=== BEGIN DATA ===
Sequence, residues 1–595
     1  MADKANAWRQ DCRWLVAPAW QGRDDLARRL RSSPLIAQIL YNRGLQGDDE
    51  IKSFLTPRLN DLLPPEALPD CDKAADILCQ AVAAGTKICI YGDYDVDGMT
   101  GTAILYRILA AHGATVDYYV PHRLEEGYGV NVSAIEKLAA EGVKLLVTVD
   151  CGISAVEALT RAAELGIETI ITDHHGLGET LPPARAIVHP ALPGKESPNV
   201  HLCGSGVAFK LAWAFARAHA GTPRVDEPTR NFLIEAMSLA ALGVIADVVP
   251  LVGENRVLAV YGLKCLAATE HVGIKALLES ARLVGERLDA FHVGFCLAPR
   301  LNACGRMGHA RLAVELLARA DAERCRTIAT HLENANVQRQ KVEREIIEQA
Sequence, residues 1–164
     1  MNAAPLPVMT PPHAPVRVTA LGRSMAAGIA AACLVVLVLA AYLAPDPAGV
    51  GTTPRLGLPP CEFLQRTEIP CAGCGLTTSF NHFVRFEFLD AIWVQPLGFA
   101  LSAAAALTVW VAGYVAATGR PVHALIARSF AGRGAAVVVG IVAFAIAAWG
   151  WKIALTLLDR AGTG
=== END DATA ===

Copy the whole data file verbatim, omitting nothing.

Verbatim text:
Sequence, residues 1–595
     1  MADKANAWRQ DCRWLVAPAW QGRDDLARRL RSSPLIAQIL YNRGLQGDDE
    51  IKSFLTPRLN DLLPPEALPD CDKAADILCQ AVAAGTKICI YGDYDVDGMT
   101  GTAILYRILA AHGATVDYYV PHRLEEGYGV NVSAIEKLAA EGVKLLVTVD
   151  CGISAVEALT RAAELGIETI ITDHHGLGET LPPARAIVHP ALPGKESPNV
   201  HLCGSGVAFK LAWAFARAHA GTPRVDEPTR NFLIEAMSLA ALGVIADVVP
   251  LVGENRVLAV YGLKCLAATE HVGIKALLES ARLVGERLDA FHVGFCLAPR
   301  LNACGRMGHA RLAVELLARA DAERCRTIAT HLENANVQRQ KVEREIIEQA
Sequence, residues 1–164
     1  MNAAPLPVMT PPHAPVRVTA LGRSMAAGIA AACLVVLVLA AYLAPDPAGV
    51  GTTPRLGLPP CEFLQRTEIP CAGCGLTTSF NHFVRFEFLD AIWVQPLGFA
   101  LSAAAALTVW VAGYVAATGR PVHALIARSF AGRGAAVVVG IVAFAIAAWG
   151  WKIALTLLDR AGTG